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Frank Dobson (British, 1886-1963), Splendid Sunbird

Frank Dobson (British, 1886-1963), Splendid Sunbird

  • $ 2,400.00

Frank Dobson (British, 1886-1963)
Splendid Sunbird
Ink, graphite, and pastel on paper
Signed ‘Frank Dobson 53’ l.l.
Paper size: 14 ¾ x 19 ¾ in.


Frank Dobson was born in central London and grew up in Clerkenwell. His mother was Alice Mary Owen, and his father, also named Frank Dobson, was a commercial artist who specialized in bird and flower designs for greeting card companies. When his father died in 1900, the fourteen-year-old Dobson was sent to live with an aunt in Hastings. There he attended evening classes at the Hastings School of Art and was then trained as an apprentice with Sir William Reynolds-Stephens.

After eighteen months in Reynolds-Stephens’ studio, Dobson moved to Devon and then to Cornwall, where he lived by selling paintings. In 1906, he obtained a scholarship to study at the art institute in Arbroath and studied there for four years. From 1910 to 1912, Dobson attended the City and Guilds of London Art School in Kennsington, after which he returned to Cornwall. In Newlyn, he met Augustus John, who used his influence and contacts to enable Dobson to stage a one-person show at the Chenil Gallery in London in 1914.

In 1915, during the First World War, Dobson enlisted in The Artists Rifles and served in France from October 1916 as a Lieutenant with the 5th Border Regiment. In January 1917, he developed a duodenal ulcer and returned to England.

Throughout the 1920s, Dobson focused increasingly on sculpture, exhibited work in several influential exhibitions, and played a leading role in some artistic groups. He was the only sculptor to take part in the 1920 Group X exhibition. He was a founding member of the London Artists Association and spent three years as President of the London Group between 1923 and 1927. Dobson exhibited at the Venice Biennale in both 1924 and 1926, was featured in the 1925 Tri-National Exhibition, which visited London, Paris, and New York, and was also included in the 1926 European artists exhibition that toured America and Canada. Dobson was appointed head of sculpture at the Royal College of Art in 1946, a post he held until his retirement in 1953. He was elected to the Royal Academy in 1953.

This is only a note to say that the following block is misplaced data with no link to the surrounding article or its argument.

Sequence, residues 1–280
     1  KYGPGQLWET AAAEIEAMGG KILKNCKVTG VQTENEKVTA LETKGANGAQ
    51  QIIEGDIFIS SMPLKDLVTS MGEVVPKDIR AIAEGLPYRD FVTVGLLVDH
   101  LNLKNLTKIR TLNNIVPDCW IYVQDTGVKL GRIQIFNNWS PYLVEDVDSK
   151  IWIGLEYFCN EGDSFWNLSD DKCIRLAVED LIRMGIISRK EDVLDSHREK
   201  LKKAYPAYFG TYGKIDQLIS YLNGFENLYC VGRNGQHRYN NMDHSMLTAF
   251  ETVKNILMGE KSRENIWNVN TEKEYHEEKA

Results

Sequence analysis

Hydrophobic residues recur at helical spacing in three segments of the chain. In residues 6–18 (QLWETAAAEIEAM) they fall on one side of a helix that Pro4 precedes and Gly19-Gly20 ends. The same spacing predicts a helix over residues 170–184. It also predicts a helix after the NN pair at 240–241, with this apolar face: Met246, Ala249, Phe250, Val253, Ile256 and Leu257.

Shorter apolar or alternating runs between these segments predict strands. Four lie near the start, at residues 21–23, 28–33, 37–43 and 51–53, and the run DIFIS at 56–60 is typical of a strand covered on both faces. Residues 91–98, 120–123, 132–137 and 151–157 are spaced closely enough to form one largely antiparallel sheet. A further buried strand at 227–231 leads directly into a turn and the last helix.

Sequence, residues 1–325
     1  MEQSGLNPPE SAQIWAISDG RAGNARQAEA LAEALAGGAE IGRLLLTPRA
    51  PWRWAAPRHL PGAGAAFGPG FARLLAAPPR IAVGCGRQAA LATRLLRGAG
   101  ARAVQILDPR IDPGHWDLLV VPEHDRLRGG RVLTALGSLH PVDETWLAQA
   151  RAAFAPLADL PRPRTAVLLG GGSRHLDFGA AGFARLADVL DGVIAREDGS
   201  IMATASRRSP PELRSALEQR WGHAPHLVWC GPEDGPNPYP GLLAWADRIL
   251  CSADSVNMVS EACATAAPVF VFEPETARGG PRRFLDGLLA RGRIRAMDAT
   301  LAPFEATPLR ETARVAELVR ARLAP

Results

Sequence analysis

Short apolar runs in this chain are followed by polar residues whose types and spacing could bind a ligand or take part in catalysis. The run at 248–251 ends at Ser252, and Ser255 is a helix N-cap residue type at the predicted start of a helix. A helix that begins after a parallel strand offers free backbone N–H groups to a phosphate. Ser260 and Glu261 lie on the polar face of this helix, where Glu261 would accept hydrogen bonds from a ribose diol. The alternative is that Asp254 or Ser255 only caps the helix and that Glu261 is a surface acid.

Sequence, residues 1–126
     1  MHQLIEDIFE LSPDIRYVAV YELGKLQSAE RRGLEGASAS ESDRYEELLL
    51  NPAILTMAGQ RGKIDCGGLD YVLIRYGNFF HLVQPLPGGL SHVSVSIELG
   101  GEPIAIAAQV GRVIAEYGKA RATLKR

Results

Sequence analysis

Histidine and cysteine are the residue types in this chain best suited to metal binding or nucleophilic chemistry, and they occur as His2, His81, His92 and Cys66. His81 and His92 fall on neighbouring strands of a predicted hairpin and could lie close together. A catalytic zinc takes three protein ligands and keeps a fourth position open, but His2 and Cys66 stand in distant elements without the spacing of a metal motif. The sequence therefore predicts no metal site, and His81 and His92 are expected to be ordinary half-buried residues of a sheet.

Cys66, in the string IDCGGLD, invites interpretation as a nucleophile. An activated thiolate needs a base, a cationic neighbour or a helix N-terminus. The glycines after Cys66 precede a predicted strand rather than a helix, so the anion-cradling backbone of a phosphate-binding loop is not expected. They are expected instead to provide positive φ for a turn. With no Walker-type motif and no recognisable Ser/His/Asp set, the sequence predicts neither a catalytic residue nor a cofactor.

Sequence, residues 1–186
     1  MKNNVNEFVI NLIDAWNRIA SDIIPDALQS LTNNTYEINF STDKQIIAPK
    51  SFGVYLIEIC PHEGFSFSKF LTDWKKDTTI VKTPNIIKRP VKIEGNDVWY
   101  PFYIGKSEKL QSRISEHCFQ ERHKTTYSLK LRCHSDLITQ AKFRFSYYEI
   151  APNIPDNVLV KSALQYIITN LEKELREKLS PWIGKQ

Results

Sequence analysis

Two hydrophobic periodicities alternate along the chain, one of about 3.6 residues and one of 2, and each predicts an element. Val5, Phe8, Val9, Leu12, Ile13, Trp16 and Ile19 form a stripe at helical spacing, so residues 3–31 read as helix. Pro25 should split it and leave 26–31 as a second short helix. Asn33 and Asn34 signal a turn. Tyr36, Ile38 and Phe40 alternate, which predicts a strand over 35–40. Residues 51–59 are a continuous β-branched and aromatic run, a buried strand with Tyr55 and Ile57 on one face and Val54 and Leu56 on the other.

Dobson died in 1963, and his ashes were scattered in the Thames. In 1995, the art critic Brian Sewell recalled the great loss of much of Frank Dobson’s work after his death,

“After his death, his widow asked me to help her clear the studio at Stamford Bridge, and I was appalled at the destruction that she wrought, smashing to smithereens small clay and terracotta models, tearing fine drawings in red and black chalk, hundreds of them, buring [sic?] the fragments in a dustbin…I was allowed to save pastel drawings of exotic and rare birds, and watercolours of farmyards and a pastoral life long gone.”

The present selection represents a rare collection of original works depicting birds. This subject was indeed one Dobson held dear because his father, Frank Dobson Sr., was a flora and fauna artist.

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